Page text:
lamed

lamed

[lah-mid, -med]

Origin:
1655–65; < Hebrew lāmēdh; cf. lambda

unlamed, adjective
Dictionary.com Unabridged

lame

1 [leym]
adjective, lamer, lamest.
1.
crippled or physically disabled, especially in the foot or leg so as to limp or walk with difficulty.
2.
impaired or disabled through defect or injury: a lame arm.
3.
weak; inadequate; unsatisfactory; clumsy: a lame excuse.
4.
Slang. out of touch with modern fads or trends; unsophisticated.
verb (used with object), lamed, laming.
5.
to make lame or defective.
noun
6.
Slang. a person who is out of touch with modern fads or trends, especially one who is unsophisticated.

Origin:
before 900; Middle English (adj. and v.); Old English lama (adj.); cognate with Dutch lam, German lahm, Old Norse lami; akin to Lithuanian lúomas

lamely, adverb
lameness, noun
Dictionary.com Unabridged
Based on the Random House Dictionary, © Random House, Inc. 2014.
Cite This Source Link To Lamed
Collins
World English Dictionary
lame1 (leɪm)
 
adj
1.  disabled or crippled in the legs or feet
2.  painful or weak: a lame back
3.  weak; unconvincing: a lame excuse
4.  not effective or enthusiastic: a lame try
5.  slang (US) conventional or uninspiring
 
vb
6.  (tr) to make lame
 
[Old English lama; related to Old Norse lami, German lahm]
 
'lamely1
 
adv
 
'lameness1
 
n

lame2 (leɪm)
 
n
one of the overlapping metal plates used in armour after about 1330; splint
 
[C16: via Old French from Latin lāmina a thin plate, lamina]

lamé (ˈlɑːmeɪ)
 
n
a.  a fabric of silk, cotton, or wool interwoven with threads of metal
 b.  (as modifier): a gold lamé gown
 
[from French, from Old French lame gold or silver thread, thin plate, from Latin lāmina thin plate]

lamed (ˈlɑːmɪd, Hebrew ˈlamɛd)
 
n
Also: lamedh the 12th letter in the Hebrew alphabet (ל), transliterated as l
 
[from Hebrew, literally: ox goad (from its shape)]

Collins English Dictionary - Complete & Unabridged 10th Edition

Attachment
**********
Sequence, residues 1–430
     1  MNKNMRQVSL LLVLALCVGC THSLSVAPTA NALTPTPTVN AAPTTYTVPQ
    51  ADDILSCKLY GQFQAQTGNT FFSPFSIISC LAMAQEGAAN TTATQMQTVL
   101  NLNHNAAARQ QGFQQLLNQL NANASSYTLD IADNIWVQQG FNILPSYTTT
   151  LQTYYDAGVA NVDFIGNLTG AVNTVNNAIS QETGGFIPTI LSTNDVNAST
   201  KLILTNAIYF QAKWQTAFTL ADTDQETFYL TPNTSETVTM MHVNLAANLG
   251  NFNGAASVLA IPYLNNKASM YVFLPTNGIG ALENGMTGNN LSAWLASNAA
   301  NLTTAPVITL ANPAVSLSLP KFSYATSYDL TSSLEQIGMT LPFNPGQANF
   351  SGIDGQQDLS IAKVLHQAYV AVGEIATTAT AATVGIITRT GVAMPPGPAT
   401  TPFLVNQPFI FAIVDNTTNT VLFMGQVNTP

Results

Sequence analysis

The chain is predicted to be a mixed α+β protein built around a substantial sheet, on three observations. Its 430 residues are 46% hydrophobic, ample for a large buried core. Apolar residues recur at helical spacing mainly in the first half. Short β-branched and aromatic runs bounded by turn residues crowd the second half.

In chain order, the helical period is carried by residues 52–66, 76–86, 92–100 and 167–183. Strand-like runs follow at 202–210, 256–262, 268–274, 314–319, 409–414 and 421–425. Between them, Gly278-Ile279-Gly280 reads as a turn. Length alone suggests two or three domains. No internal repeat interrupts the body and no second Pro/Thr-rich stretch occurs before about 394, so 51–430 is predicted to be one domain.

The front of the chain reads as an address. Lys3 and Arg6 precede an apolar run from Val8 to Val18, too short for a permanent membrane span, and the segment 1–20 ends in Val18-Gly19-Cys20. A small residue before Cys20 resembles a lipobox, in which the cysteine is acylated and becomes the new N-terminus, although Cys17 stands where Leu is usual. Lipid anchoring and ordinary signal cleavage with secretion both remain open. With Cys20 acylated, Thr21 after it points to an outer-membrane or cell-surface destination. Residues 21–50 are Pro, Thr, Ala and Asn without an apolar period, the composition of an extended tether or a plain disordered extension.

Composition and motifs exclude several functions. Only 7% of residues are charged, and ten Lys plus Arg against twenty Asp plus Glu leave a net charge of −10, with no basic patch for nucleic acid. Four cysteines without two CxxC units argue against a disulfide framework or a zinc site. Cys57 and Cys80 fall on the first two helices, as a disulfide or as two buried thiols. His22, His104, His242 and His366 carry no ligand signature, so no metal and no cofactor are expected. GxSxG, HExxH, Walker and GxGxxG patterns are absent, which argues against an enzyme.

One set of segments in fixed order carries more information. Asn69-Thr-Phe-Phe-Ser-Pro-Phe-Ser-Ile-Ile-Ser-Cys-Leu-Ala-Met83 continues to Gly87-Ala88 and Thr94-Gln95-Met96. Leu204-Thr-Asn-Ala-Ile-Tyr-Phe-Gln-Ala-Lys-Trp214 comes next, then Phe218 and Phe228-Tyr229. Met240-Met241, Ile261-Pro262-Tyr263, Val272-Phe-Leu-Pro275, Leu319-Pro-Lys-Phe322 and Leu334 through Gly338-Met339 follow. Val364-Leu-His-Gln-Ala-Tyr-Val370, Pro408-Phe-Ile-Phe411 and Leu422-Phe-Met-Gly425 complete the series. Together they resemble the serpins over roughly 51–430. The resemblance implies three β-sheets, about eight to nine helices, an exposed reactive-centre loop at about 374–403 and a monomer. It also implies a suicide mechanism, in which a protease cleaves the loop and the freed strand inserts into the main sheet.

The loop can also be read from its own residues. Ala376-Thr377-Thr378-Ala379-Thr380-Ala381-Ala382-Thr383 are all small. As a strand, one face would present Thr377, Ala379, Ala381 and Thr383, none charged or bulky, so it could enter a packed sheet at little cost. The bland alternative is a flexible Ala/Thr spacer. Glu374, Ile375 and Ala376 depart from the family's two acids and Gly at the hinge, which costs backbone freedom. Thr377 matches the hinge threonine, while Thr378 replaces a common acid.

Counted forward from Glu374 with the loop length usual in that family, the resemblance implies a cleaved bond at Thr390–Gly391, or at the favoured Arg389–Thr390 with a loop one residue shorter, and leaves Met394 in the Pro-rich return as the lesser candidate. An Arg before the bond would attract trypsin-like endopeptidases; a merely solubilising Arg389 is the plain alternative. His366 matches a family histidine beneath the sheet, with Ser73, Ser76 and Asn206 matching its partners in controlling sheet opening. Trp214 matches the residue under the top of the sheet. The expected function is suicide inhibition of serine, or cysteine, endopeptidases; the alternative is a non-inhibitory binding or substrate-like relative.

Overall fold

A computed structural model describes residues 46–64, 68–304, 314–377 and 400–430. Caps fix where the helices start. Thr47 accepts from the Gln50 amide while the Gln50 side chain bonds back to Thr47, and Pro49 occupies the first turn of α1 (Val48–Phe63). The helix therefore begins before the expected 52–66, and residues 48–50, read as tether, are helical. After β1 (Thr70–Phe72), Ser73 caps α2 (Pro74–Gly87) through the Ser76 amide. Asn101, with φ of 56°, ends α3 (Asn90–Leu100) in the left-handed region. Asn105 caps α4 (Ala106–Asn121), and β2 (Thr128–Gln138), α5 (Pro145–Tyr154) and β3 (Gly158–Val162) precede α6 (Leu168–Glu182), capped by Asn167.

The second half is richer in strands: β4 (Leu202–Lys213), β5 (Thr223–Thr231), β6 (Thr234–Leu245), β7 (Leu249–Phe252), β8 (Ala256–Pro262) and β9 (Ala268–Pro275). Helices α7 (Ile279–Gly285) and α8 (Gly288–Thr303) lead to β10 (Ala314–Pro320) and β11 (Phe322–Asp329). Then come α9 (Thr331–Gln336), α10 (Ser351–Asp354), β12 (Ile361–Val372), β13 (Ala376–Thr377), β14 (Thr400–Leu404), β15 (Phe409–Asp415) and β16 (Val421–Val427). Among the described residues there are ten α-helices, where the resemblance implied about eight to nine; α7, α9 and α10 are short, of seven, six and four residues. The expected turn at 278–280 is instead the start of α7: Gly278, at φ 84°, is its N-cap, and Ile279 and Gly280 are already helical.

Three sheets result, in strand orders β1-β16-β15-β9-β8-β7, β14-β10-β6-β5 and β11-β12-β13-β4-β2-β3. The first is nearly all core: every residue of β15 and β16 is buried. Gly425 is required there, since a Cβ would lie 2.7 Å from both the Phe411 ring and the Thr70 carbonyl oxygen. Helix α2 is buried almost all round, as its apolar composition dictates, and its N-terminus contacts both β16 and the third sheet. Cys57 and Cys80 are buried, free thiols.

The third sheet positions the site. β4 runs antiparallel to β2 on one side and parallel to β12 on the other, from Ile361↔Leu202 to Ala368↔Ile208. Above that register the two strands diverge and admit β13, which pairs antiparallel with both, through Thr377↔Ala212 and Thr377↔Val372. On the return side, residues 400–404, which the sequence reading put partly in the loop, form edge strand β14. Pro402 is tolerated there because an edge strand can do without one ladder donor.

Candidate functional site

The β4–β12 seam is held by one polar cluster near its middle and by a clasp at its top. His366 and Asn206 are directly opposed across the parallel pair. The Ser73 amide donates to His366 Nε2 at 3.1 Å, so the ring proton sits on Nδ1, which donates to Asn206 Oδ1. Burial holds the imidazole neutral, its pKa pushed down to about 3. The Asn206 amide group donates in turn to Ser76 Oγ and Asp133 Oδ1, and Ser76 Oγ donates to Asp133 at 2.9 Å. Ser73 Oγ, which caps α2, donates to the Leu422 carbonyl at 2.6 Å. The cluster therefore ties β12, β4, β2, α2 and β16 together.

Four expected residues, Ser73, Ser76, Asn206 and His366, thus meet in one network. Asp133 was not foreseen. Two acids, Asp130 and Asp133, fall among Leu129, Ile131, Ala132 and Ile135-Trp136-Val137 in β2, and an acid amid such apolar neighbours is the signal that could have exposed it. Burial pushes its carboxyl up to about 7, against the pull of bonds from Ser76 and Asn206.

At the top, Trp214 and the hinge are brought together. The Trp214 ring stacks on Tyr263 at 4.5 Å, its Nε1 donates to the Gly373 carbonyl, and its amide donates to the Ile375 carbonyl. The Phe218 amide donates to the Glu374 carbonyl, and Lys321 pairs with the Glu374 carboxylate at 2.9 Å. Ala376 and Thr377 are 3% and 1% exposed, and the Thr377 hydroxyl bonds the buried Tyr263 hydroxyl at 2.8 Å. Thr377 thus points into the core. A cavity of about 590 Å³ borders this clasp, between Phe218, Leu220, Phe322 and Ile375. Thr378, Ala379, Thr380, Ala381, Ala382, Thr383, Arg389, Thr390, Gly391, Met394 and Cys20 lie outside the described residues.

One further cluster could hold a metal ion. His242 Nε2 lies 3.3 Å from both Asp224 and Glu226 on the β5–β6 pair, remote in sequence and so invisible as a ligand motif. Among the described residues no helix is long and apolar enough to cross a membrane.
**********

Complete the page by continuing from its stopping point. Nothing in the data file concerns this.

2009 © William Collins Sons & Co. Ltd. 1979, 1986 © HarperCollins
Publishers 1998, 2000, 2003, 2005, 2006, 2007, 2009
Cite This Source
Etymonline
Word Origin & History

lamé
"silk interwoven with metallic threads," 1922, from Fr., earlier "thin metal plate" (1586), from M.Fr. lame, from L. lamina, lamna "thin piece or flake of metal."

lame
O.E. lama. from P.Gmc. *lamon (cf. O.N. lami, Du., O.Fris. lam, Ger. lahm "lame"), "weak-limbed," lit. "broken," from PIE base *lem- "to break" (cf. O.C.S. lomiti "to break," Lith. luomas "lame"). Sense of "socially awkward" is attested from 1942. Verb meaning "to make lame" is attested from c.1300.
Related: Lamely; lameness. Lame-brain (n.) is first recorded 1929.
Online Etymology Dictionary, © 2010 Douglas Harper
Cite This Source
American Heritage
Medical Dictionary

lame (lām)
adj. lam·er, lam·est

  1. Disabled so that movement, especially walking, is difficult or impossible.

  2. Marked by pain or rigidness.

v. lamed, lam·ing, lames
To cause to become lame; cripple.
The American Heritage® Stedman's Medical Dictionary
Copyright © 2002, 2001, 1995 by Houghton Mifflin Company. Published by Houghton Mifflin Company.
Cite This Source
Copyright © 2014 Dictionary.com, LLC. All rights reserved.
  • Please Login or Sign Up to use the Recent Searches feature